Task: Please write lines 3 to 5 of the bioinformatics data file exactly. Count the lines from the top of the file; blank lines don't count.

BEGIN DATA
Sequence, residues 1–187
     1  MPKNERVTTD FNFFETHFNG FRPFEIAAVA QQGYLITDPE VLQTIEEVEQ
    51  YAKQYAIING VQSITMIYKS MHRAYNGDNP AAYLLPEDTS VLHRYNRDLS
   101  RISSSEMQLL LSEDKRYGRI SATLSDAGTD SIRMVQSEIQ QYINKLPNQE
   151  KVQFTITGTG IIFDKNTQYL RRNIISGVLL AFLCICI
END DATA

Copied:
    51  YAKQYAIING VQSITMIYKS MHRAYNGDNP AAYLLPEDTS VLHRYNRDLS
   101  RISSSEMQLL LSEDKRYGRI SATLSDAGTD SIRMVQSEIQ QYINKLPNQE
   151  KVQFTITGTG IIFDKNTQYL RRNIISGVLL AFLCICI